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Age of Terror: Art Since 9/11
Image Credit: © The Artist / Photo Thelma Garcia / Courtesy Galerie Daniel Templon, Paris-Brussels Jitish Kallat, Circadian Rhyme 1, 2011

Age of Terror: Art Since 9/11

27 December 2017 Katie Da Cunha Lewin

In the wake of the attacks on the World Trade Centre in September 2001, there have been profound political and ideological shifts in the global scene. The effects of President George Bush’s declaration of a ‘war on terror’ and the subsequent invasions of Afghanistan and then Iraq are still being felt today. But there have been other effects more difficult to pin down in terms of the way we envision conflict, the limitations of our personal freedoms and the idea of privacy.

The Imperial War Museum’s exhibition brings together work that has occurred since the attacks on the World Trade Centre. Though we may feel trepidations about calling the post 9/11 world a definitive period in and of itself, the exhibition aims to trace the effects it has had both personally and politically, breaking it up into broad categories: art work dealing with the event of 9/11 itself, State Control, Weapons, Home. This is an exhibition containing a diverse group of artists, from the UK, America, Germany, Afghanistan and Syria and is the largest showing of conceptual art the Imperial War Museum has ever had.

As you first enter the exhibition, Tony Oursler’s personal documentary ‘9/11’ plays in the room directly in front of you. Shot on a hand held camera, the film is an impressionistic response to the immediate aftermath of the attack in the city of New York itself. Oursler, a multimedia artist, is from New York, and lived not far from the World Trade Centre at that time. This is the first of several interesting video works included in the exhibition; in particular, two performance pieces stand out: Fabian Knecht’s short video ‘VERACHTUNG’ (the word for contempt in German) follows a man walking around New York wearing a suit covered in dust, clearly evoking memories of the images of dust-covered survivors in the wake of the destruction of the towers. In actuality, the dust comes from a 2014 suicide bombing in Iraq, in which almost 50 people were killed. Knecht connects that atrocity with the foreign policies that provoked it, foreign policies that precipitated from Bush’s declaration of war. Moreover, he also reminds us about the problem of visibility in the western media; though we may know about more recent attacks in Middle-Eastern countries, we cannot help but be reminded of an attack that took place years before. Lida Abdul’s work ‘White House’ also connects the immediate moment with the past, by painting over the rubble of a former presidential palace in Afghanistan. Like Knecht, she also thinks about the literal ‘white washing’ of history: both artists show that terrorism does not just effect white Westerners, and that the narratives underpinning some of the post 9/11 policies are a ruthless oversimplification.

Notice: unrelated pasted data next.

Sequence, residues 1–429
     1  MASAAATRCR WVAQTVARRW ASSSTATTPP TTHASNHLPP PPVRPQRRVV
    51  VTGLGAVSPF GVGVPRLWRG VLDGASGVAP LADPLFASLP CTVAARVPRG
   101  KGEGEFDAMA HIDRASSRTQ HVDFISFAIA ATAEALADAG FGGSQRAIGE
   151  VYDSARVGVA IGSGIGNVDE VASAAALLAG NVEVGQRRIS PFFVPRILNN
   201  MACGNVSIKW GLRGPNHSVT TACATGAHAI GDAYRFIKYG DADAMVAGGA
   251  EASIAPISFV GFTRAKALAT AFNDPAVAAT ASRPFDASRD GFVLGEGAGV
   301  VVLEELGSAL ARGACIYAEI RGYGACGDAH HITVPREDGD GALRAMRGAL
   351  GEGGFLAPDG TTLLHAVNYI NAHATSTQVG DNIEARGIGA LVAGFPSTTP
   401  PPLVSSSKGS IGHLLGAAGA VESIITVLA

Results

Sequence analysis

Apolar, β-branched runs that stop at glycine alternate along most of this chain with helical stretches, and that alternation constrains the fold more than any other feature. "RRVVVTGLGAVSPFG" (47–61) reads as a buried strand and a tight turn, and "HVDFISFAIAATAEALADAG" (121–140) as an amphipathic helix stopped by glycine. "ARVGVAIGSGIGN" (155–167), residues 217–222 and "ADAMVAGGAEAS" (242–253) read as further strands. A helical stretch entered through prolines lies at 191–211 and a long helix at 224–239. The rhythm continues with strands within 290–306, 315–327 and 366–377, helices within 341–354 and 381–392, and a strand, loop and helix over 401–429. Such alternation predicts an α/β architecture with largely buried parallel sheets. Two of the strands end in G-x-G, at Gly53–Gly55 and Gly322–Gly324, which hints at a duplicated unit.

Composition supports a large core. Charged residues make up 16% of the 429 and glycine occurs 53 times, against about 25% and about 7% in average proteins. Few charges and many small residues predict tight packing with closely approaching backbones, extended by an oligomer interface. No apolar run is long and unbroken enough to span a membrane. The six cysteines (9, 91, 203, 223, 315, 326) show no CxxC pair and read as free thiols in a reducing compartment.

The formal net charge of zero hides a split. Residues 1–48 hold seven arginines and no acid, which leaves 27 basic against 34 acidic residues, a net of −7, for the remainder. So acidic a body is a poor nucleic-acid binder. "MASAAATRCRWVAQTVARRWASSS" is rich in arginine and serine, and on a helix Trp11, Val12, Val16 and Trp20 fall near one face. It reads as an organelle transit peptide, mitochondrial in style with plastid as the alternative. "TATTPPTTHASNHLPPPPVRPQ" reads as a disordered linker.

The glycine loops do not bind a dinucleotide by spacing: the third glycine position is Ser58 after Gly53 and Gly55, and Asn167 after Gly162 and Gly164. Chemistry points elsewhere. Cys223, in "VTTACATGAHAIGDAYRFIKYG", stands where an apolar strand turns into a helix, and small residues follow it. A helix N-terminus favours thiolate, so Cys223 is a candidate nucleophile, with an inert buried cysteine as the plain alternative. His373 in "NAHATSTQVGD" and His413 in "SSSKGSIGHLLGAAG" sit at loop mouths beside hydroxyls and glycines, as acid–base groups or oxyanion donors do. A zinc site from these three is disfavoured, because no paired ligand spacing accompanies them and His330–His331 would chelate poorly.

The exhibition also provides viewers an opportunity to see works by some of the most well known female conceptual artists working today. Martha Rosler is best known for her 1975 work ‘Semiotics of the Kitchen’ and ‘House Beautiful: Bringing the War Home’ (c. 1967–72). Her 2014 photomontage ‘Election [Lynndie]’ follows on from the latter work, placing images of war and torture from Abu Ghraib within a modern kitchen. Jenny Holzer’s work typically explores the function of language in the public space; she is known for projecting words onto the facades of public buildings. In the piece included here, ‘some treatment 2014-2015’ she deals with the invisibility of words, reproducing a redacted document about torture in a large format. Both works provoke viewers to think about their personal responsibility in the wake of violence, whilst also showing that the personal life is inextricable from politics.

The contributions from British artists Grayson Perry and Jake and Dinos Chapman are some of the weakest. The work by the famous Chapman brothers, ‘Nein? Eleven!’ showing toy Nazi soldiers bloodied and heaped into two piles that vaguely resemble towers seems like a cheap joke rather than an interesting contribution to the conversation. The same criticism can be made of Perry’s painted pot: this piece was originally about mining communities, but the day after the attack on the Twin Towers, Perry went to his studio and painted over it. This seems to say more about Perry and his need to make something that seems responsive, as something cathartic for himself rather than for an audience. Both pieces seem careless, works thrown together exactly for a purpose such as this exhibition.

Perhaps the issue with the exhibition lies in the name of the exhibition itself: ‘art since 9/11’ could essentially be any artwork made since that time. By defining this as a period, it suggests that we can exactly pin point a change to that date, rather than relating the events of 9/11 to any historical precedents. Though we may be able to pin point some effects of the horrific attack, we cannot divorce it from a long history of American foreign policy. While some confusion is created by the wide range of voices within the exhibition, it also offers an opportunity to see some interesting conceptual work.
 
Age of Terror: Art Since 9/11 is at the Imperial War Museum until 28 May 2018.
 

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